Gaze at this sentence for just about sixty seconds and then explain what makes it quite different from the average sentence.
hint: watch Jeopardy!, Alex Trebek's fun TV quiz game.
The YouTube series Borders by Johnny Harris/Vox is excellent, covering displacement, cultures, fences, heartbreaks, odd stories from different places.
It’s Brexit month! With opinions over how to reach the optimum “satisfied populists/low fuckup” ratio dividing parties a little bit more every day, now is a good time to remake the case against “sensible” politics.
Wikipedia is the best website
A list of redundant place names, with favourites like Mississippi River (big river river), Soviet Union (union union), River Avon (river river), Sahara desert (desert desert). Scottish readers will know the Dundee Law Hill (hill hill) and Eas Fors Waterfall (waterfall waterfall waterfall).
See also: naan bread, chai tea, queso cheese.
If other pleonasms like “a free gift” leave most people indifferent, nothing truly annoys pedantic people more than using things like “PIN number”, “ATM machine”, “DC comics” or “LCD display”. I’ve learned that this is, very aptly, named the RAS syndrome.
Talking of names, Hurricane Bawbag has perhaps one of the best short “Naming” sections in Wikipedia history.
Spreuerhofstraße claims to be the world’s narrowest street, varying between 31 and 50 centimetres. The “See Also” section has many contenders however. La Avenida 9 de Julio, in Buenos Aires, claims to be the widest — with 16 car lanes and over 3 minutes to cross, which sounds like hell.
Talking about animals, we may soon have a Dermophis donaldtrumpi in biology textbooks, a newly discovered but soon-to-be-extinct amphibian species that sees the world in black and white. EnviroBuild, a company that won the auction to name the new species, chose the name in protest of Trump’s environmental policies and views that deny climate change.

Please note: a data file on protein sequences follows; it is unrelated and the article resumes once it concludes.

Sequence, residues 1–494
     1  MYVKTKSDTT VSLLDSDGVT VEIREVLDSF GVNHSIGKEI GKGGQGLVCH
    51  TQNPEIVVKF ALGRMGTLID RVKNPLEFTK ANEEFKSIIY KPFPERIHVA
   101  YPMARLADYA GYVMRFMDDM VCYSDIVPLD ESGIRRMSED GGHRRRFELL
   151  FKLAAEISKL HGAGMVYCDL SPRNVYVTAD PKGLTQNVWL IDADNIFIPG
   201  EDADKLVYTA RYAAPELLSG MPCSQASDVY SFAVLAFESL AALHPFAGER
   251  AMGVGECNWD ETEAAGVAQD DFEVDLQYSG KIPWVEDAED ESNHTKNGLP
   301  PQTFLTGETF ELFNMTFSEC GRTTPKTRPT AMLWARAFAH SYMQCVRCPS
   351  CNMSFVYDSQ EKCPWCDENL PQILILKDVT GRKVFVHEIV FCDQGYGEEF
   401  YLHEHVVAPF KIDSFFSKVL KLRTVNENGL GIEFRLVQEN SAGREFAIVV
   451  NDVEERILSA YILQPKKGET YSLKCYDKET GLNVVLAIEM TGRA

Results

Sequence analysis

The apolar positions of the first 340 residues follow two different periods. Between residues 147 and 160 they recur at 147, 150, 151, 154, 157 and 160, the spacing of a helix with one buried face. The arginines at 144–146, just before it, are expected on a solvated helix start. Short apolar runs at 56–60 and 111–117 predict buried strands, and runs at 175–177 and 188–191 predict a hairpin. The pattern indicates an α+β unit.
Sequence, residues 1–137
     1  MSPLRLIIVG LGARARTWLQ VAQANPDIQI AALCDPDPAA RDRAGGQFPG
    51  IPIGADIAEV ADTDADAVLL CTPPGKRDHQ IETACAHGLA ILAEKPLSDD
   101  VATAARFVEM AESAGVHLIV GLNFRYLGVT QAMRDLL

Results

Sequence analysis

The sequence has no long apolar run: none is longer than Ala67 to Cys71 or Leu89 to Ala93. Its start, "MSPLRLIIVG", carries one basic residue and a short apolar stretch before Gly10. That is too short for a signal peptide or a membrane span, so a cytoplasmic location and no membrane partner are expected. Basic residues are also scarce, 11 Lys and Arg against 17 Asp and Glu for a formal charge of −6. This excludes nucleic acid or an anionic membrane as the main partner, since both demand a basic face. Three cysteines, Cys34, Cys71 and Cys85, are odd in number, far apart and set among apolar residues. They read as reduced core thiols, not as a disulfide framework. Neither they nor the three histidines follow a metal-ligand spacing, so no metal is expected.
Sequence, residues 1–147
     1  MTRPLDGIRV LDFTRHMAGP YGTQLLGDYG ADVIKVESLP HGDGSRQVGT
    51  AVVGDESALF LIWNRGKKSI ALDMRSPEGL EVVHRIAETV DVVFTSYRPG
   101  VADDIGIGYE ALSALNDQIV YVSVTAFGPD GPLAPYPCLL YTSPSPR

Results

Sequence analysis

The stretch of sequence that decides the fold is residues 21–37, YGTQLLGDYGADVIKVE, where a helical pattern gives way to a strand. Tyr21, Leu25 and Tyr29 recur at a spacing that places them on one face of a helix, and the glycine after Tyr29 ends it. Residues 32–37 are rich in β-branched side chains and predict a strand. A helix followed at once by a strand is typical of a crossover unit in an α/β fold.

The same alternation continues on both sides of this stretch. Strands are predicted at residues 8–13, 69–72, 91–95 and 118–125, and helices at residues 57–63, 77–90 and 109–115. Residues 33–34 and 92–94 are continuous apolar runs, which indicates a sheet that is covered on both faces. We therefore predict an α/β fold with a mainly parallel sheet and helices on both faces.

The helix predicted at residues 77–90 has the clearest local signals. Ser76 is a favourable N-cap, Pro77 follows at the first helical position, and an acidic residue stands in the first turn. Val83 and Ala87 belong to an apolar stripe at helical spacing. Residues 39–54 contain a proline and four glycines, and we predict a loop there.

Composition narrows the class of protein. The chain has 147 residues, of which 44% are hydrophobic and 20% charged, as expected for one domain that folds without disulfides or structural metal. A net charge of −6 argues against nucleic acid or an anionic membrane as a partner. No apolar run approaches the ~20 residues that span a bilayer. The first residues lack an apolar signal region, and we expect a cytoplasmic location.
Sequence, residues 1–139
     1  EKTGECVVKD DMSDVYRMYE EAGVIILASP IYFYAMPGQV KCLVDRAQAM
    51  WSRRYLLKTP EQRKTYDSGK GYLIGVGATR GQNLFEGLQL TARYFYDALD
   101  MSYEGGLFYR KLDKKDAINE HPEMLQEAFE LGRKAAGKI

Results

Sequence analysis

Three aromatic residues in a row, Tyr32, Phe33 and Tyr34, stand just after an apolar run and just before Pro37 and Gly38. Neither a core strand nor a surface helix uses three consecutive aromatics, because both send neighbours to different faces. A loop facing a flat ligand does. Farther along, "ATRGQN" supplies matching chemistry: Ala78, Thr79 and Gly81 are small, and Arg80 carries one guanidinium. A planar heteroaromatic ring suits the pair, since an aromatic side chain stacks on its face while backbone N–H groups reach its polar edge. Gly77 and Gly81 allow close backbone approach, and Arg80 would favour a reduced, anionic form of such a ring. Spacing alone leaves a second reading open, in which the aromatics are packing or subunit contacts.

Hold on, you think it’s absurd that we name a species after political things? According to the list of things named after Donald Trump (!), it’s actually the third species named after him. It notably follows Neopalpa donaldtrumpi, a species of micro-moth “with small genitalia and distinctive yellowish-white scales covering the head”. No, it won’t stop Trump, but yes, the scientific community is petty.
The story of Benjaman Kyle is one hell of a read. The man was found unconscious in 2004 behind a Burger King dumpster, sunburnt, naked and beaten out; having left no identity documents behind, the emergency services named him as “Burger King Doe” on documnts. He woke up with dissociative amnesia, initially unable to remember his name until recalling his first name is Benjaman (two ‘a’s), and picked a last name based on the placeholder initials. He, the authorities and media spent the next 11 years in search of his identity and past, leaving him partially homeless and unable to work without a social security number.
The New Republic published an excellent longread article about the case in 2016, a year after his real identity was found again using DNA matching.